Charlie Manuel will be back, but Ryne Sandberg waits in the wings

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Jon Heyman has a news nugget in his latest column — Charlie Manuel will, in fact, be back at the helm in Philly next year — but I don’t think anyone ever doubted that.  If they did, the recent run has put any such thoughts to rest, or should have.  Say what you want about the 2012 Phillies, but if they fall short of the playoffs, it’s not Charlie Manuel’s fault.

The article is more interesting for the Ryne Sandberg talk.  It comes up each year, but this year it’s earlier than usual: when is Ryne Sandberg going to get his shot at managing?

Heyman says that Sandberg is so well-liked in the Phillies front office that some people even thought that, rather than extend Manuel’s contract into 2013, they should have just given the job to Sandberg.  Ruben Amaro shoots that down hard, but it’s no secret that Heyman knows people in the Philly front office. He tends to get scoops there.

In any event, yeah, it would seem that Sandberg is up next in Philly.  I’d just not expect to hear anything more about it than what Heyman has to say, because baseball has a really bad history with heir apparent managers.  Ray Knight in Cincinnati is one. The Yankees naming Billy Martin Bob Lemon’s successor mere days after Martin was fired in 1978 was another.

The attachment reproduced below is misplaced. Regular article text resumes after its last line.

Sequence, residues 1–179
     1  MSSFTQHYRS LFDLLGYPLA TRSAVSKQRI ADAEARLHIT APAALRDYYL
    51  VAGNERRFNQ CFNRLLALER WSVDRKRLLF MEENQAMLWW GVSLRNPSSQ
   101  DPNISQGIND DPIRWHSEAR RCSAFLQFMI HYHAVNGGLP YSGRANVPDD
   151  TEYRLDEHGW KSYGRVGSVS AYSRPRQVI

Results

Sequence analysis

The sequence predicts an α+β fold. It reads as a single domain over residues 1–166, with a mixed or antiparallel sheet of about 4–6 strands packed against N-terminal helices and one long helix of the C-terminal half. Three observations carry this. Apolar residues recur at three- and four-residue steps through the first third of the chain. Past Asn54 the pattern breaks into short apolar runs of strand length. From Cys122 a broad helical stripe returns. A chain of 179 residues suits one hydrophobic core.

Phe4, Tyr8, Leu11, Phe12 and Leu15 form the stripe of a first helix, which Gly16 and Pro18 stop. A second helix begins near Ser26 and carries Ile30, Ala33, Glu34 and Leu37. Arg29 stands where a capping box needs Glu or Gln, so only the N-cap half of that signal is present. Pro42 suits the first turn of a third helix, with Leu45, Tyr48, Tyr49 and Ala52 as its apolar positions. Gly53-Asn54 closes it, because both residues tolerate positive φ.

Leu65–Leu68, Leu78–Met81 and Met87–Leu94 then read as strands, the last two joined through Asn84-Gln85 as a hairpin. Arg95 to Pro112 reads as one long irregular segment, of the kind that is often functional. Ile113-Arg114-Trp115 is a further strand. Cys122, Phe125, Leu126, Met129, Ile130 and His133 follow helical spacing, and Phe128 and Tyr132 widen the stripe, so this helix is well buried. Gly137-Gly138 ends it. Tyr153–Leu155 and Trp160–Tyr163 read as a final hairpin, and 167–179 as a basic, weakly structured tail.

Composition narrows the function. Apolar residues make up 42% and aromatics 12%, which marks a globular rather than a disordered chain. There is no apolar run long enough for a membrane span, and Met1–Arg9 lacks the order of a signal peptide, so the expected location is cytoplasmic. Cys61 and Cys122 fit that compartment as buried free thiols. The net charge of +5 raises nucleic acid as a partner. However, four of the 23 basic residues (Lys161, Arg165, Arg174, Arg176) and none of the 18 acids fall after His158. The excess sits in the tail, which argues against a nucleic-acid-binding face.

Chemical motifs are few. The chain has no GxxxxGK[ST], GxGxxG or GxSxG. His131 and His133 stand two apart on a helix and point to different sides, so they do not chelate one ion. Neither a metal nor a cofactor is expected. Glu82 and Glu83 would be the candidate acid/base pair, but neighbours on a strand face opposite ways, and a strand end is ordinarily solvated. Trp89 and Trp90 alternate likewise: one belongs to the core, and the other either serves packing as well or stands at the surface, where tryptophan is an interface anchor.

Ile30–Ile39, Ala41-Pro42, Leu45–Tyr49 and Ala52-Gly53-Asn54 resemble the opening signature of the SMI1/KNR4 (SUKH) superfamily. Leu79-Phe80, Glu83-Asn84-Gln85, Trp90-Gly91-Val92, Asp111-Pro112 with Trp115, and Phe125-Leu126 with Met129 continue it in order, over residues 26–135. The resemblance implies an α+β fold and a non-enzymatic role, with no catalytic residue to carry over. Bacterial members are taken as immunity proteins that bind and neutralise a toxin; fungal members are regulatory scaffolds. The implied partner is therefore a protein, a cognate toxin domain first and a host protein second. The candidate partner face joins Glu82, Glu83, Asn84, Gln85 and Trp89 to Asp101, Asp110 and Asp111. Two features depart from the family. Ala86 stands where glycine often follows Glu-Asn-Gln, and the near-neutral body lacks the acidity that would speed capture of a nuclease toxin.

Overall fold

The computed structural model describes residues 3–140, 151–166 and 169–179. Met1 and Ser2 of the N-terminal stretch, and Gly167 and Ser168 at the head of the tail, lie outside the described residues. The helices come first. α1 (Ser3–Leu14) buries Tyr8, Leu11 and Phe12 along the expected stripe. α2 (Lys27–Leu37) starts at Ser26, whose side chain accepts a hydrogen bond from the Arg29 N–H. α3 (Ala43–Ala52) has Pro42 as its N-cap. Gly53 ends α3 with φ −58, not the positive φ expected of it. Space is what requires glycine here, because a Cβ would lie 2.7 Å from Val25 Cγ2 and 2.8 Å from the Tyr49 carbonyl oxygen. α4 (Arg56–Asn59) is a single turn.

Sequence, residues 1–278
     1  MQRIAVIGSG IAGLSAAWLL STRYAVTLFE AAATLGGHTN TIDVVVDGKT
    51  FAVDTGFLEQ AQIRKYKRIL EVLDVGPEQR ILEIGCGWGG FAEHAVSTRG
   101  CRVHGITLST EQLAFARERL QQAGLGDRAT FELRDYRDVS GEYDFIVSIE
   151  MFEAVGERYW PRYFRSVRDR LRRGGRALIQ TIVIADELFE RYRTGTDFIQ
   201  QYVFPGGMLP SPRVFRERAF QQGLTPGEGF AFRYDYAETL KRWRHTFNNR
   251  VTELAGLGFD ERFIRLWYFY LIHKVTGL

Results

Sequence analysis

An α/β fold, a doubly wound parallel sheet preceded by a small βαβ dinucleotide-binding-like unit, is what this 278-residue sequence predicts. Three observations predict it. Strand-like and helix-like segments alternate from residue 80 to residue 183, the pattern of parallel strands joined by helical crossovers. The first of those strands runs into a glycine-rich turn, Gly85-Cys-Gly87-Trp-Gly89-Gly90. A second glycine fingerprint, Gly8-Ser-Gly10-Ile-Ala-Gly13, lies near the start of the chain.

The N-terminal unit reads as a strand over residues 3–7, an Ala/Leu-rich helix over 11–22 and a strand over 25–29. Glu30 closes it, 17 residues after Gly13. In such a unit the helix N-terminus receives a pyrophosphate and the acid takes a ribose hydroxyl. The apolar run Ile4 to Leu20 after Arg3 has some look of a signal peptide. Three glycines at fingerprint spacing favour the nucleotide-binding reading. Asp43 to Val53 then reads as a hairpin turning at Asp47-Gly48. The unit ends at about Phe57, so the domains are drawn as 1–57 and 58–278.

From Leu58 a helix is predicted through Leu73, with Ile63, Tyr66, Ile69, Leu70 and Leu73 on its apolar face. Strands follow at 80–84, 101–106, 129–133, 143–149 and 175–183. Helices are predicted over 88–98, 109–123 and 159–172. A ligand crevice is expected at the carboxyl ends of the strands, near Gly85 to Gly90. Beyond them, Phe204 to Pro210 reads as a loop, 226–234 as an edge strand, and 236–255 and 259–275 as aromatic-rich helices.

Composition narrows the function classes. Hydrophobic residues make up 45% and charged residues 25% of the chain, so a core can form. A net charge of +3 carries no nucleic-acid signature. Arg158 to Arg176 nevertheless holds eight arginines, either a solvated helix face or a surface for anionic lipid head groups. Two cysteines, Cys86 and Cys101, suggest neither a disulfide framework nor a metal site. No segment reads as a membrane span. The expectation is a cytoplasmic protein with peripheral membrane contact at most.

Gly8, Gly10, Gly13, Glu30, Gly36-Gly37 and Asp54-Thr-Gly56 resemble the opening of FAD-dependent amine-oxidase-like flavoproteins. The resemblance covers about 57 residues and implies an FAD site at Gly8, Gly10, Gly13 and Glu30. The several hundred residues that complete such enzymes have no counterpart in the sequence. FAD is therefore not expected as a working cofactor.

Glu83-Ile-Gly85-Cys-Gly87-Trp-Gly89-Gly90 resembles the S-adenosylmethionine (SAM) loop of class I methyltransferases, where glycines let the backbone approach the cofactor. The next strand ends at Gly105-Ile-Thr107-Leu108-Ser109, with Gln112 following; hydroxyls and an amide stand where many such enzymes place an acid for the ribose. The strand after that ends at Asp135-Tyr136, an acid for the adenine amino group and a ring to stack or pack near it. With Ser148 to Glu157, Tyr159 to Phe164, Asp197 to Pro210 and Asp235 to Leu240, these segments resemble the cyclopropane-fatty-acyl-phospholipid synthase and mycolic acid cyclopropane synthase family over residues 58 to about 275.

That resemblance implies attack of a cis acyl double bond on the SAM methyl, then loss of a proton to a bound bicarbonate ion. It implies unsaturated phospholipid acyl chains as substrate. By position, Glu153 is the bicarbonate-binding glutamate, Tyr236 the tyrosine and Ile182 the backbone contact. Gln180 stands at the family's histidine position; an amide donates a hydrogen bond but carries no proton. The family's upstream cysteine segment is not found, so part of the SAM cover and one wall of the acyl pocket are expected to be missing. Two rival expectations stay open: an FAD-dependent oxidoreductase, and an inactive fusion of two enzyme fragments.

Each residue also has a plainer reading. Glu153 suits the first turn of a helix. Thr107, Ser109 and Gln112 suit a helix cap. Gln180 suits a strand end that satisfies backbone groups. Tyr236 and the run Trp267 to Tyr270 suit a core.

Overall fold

Baseball is a lot like the late night talk show business. You just can’t have a well-run operation with the next guy obviously and officially waiting in the wings to take over.

UPDATE: People are telling Will Carroll this too, by the way. From his Monday column:

Word out of Philly is that Charlie Manuel will retire after next season. Ryne Sandberg may shift to bench coach in order to make an easy transition …

 

David DeJesus retires

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Outfielder David DeJesus announced his retirement from Major League Baseball on Twitter Wednesday afternoon. He’ll be joining CSN Chicago for Cubs coverage.

DeJesus, 37, spent 13 seasons in the big leagues from 2003-15 with the Royals, Athletics, Cubs, Nationals, Rays, and Angels. He hit a composite .275/.349/.512 with 99 home runs and 573 RBI across 5,916 plate appearances.

We wish the best of luck to DeJesus as he begins a new career in sports media.

Dallas Green: 1934-2017

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Former major league pitcher, manager, and front office executive Dallas Green has died at the age of 82, Jon Heyman of FanRag Sports reports.

Green pitched for the Phillies for the first five years of his career from 1960-64, then went to the Washington Sentators, the Mets, and back to the Phillies before retiring after the ’67 season. He managed the Phillies from 1979-81, leading them to the organization’s first ever championship in ’80. The Cubs hired Green after the 1981 season to serve as executive vice president and general manager. He quit after the ’87 season. Green briefly managed the Yankees in ’89, then took the helm of the Mets from ’93-96.

Green was a controversial figure during his managing and GM days as he was not afraid to say exactly what he was thinking. He got into many conflicts with his players and coaches, but some think it helped the Phillies in the World Series in 1980. The Phillies inducted him into their Wall of Fame in 2006.